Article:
David Friesen

Star Dance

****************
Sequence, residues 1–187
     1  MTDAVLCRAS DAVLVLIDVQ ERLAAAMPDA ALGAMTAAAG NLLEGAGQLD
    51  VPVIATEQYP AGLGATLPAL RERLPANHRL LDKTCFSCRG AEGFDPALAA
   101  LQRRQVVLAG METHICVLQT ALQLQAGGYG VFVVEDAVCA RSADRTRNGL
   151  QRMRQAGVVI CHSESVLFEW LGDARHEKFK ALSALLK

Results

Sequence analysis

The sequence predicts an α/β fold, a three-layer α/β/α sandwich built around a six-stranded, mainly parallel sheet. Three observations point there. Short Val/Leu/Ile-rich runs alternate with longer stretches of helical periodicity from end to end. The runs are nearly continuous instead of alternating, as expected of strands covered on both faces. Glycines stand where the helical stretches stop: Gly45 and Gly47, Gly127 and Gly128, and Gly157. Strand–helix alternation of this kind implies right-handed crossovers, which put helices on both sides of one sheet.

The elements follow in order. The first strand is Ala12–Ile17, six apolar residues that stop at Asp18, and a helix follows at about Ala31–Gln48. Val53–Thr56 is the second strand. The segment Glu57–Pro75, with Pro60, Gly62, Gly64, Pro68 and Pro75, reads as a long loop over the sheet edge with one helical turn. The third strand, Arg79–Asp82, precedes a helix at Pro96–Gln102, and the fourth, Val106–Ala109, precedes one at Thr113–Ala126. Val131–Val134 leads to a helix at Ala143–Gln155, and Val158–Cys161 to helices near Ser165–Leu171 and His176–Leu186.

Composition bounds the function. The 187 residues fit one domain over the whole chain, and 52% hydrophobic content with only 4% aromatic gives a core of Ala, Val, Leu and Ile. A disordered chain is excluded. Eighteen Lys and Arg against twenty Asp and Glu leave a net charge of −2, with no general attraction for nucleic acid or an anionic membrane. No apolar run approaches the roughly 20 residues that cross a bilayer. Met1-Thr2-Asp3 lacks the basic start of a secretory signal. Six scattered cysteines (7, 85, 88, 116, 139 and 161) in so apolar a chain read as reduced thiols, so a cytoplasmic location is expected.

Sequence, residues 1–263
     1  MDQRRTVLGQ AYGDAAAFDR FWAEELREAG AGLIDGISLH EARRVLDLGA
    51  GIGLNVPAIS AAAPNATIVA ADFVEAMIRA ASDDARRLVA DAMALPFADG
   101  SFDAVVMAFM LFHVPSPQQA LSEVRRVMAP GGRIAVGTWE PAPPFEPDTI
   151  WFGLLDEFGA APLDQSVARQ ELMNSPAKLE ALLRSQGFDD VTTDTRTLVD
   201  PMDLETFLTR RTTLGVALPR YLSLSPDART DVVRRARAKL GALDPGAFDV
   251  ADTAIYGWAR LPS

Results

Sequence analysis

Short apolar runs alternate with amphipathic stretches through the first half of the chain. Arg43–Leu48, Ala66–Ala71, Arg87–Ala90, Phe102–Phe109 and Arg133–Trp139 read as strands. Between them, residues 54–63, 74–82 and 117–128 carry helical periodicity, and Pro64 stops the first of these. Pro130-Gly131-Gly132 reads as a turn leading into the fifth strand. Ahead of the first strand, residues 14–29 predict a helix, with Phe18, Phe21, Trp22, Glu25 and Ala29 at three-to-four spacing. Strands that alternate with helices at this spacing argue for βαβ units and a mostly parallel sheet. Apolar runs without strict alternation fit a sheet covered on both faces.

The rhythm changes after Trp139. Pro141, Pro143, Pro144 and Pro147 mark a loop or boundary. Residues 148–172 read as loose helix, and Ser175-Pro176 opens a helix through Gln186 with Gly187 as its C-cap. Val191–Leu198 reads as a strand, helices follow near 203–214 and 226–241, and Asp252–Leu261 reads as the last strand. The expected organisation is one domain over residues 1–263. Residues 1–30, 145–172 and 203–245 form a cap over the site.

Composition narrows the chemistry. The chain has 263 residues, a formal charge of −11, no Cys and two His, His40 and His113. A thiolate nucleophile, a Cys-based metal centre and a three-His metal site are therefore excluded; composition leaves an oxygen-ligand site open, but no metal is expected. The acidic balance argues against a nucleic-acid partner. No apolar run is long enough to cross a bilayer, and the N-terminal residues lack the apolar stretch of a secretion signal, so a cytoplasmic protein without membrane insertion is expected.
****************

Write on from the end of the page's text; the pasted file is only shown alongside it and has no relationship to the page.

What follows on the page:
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The Inner City CD reissue series has many fine recordings listed, and depending on your point of view and taste level, any of them might be considered important coming out of jazz in the mid- to late '70s. Bassist David Friesen's debut album, Star Dance, has to be considered pivotal and central in the stance of contemporary music for many reasons, not the least of which being that the playing of the musicians is excellent. It also sets a tone for the coming together of world musics -- in the spirit of the pioneering ensemble Oregon -- and has within its grasp both spiritual and earthy elements that few groups were able to merge. With elements culled from Friesen's upbringing in the Pacific Northwest, progressive jazz of the '60s, folk-rooted sounds, chamber music, and New York City funk, Friesen and his band sound as unique unto themselves as any band before, during, or after this time period. Paul McCandless (on loan from Oregon), fellow Pacific Northwest friend/electric guitarist John Stowell, and Big Apple studio drummer Steve Gadd are unlikely bedfellows with Friesen, yet achieve common-ground status within this broad mix of styles. McCandless plays the double-reeded English horn on the majority of these selections, and for the outstanding "Winter's Fall" coalesces with Friesen's sky church bowed harmonic bass alongside Stowell's tiny guitar notes, as Gadd's 7/8 beat takes over the three in a 4/4 funky midsection. The title track is a trio sans Gadd, which strikes a much more baroque and rural pose in unison lines. "Dolphin in the Sky" is dedicated to friend Jack Howell, a somber, slow tearjerker as if at a gravesite during a funeral, extracting great emotional depth, especially from McCandless. Dancing gleefully, "Mountain Streams" is a flowing, dense, and textural piece that taps into the natural, feminine side of life. On his more familiar oboe, McCandless plays with the full quartet during "Clouds," as the title suggests in a slow, wafting motif, while "Fields of Joy" is also unmistakably similar to the ancient and present music of Oregon, very composed, traipsing through rows of daisies, and breaking into a samba beat. There's a bass/drums duet improvisation, "1 Rue Brey," and an unaccompanied bass solo, "Children of the Kingdom," which readily reveals Friesen's religious center with strummed harmonics and a thematic-based ostinato for improvising off of. The sonic footprint created by this ensemble is both arresting and disarming -- a sound that uniquely speaks to a higher power and universal dialect. Now that the album is once again in print, there's no excuse to pass on this excellent recording, fused from many disparate elements and brilliantly performed by all the participants.

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